The Access Technology IdeaLab@RIT is a brainstorming marathon—run on sheer adrenalin. And the most recent one held the last weekend of April was no exception.
Several teams of Rochester Institute of Technology students and their coaches had a common goal—to work on problem-solving solutions for several local agencies serving individuals with disabilities.
Here’s what they came up with:
“It was an eye-opening experience for students to focus on the unique problems faced by Heritage Christian Services, the Association for the Blind and Visually Impaired and Al Sigl Community of Agencies—including Mary Cariola Children’s Center and the National Multiple Sclerosis Society,” said Sandra Turner, adjunct professor in RIT’s Saunders College of Business and the College of Imaging Arts and Sciences.
Turner is the coordinator of IdeaLab, a problem solving, design, technology and marketing program at RIT’s Simone Center for Student Innovation and Entrepreneurship.
The IdeaLab@RIT began as a successful pilot program in April 2013—when students worked on solutions to solve medical-related problems faced by Rochester General Health System. According to Richard DeMartino, the Albert J. Simone Endowed Chair for Innovation and Entrepreneurship and director of the Simone Center, several of the past student entrepreneurial projects have advanced into real solutions and services.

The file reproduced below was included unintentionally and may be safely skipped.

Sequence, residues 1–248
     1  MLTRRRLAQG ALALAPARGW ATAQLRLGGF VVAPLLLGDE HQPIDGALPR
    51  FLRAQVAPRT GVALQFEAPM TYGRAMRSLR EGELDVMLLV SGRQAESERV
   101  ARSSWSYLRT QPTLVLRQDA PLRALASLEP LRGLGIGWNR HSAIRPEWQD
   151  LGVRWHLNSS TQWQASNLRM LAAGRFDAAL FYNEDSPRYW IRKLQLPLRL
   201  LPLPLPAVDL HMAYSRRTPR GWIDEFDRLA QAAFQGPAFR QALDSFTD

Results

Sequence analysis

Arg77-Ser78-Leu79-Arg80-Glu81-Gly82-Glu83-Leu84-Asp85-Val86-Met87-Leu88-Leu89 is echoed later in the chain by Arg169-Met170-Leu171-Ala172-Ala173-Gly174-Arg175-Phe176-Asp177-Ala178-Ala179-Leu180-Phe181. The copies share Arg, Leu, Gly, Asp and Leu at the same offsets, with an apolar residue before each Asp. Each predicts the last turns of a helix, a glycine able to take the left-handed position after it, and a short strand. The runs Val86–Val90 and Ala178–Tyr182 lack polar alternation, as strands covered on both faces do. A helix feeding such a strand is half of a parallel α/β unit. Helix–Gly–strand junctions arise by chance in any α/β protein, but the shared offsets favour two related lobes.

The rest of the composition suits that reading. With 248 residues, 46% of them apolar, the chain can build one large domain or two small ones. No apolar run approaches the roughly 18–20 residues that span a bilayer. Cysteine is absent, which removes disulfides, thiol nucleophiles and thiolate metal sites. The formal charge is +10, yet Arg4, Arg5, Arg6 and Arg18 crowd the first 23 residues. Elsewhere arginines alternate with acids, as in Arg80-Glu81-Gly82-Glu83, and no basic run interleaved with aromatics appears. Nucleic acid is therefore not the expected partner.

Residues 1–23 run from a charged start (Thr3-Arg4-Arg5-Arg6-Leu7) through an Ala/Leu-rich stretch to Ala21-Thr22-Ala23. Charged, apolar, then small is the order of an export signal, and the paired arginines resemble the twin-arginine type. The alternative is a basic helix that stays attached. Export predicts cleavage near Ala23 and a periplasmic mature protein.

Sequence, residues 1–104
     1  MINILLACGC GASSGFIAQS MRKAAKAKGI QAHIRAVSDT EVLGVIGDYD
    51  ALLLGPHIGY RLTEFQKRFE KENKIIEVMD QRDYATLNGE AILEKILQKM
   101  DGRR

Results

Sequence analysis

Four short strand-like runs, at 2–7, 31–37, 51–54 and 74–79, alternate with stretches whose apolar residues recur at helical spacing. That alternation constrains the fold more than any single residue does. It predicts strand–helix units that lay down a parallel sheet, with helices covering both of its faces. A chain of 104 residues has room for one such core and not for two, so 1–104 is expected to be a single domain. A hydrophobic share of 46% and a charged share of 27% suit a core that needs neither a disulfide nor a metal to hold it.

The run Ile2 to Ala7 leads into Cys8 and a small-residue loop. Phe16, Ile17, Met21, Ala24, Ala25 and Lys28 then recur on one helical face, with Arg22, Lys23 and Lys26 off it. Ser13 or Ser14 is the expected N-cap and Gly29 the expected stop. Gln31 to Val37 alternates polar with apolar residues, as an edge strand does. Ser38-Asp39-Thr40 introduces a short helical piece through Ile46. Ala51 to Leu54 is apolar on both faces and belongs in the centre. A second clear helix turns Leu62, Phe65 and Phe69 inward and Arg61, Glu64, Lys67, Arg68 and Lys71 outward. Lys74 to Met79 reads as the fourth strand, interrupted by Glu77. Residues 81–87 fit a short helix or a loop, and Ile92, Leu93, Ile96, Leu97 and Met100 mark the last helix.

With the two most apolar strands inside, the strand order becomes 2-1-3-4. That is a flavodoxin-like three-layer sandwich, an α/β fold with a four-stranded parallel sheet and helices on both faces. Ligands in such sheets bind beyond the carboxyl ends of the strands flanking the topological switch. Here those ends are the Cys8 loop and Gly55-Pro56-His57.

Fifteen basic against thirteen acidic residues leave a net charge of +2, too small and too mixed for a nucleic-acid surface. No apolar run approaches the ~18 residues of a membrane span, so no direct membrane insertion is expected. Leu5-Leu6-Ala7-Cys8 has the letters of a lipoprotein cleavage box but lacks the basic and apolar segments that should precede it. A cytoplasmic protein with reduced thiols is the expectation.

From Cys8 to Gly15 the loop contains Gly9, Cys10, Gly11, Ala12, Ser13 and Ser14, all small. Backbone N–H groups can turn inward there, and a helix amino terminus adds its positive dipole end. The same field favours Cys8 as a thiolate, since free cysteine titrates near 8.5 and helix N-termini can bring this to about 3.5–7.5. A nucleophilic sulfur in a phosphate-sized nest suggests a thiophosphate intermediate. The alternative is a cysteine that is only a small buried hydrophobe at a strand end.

“This time we are excited to work in partnership with local agencies who help countless individuals in our community,” said DeMartino. “They offered our students the unique opportunity to focus on real-life challenges that can make a difference in the lives of children and adults with special needs.”
Turner explained the event is a collaborative multidisciplinary effort within all of the RIT colleges—mechanical engineering, gaming, psychology, electrical engineering, industrial design and business—“which means the ideas flow rapidly and in all different kinds of creative directions.”
“The whole goal of IdeaLab is that it doesn’t end here but carries over to the following semester, which is then called IdeaMake,” explained Turner. “Part of the goal is research, so after the project is conceptualized and in prototype form, it can be tested for functionality to see if it’s a viable business—and that’s when the business plan, marketing and distribution channels come into play. The goal is to turn the student ideas into commercialized opportunities.”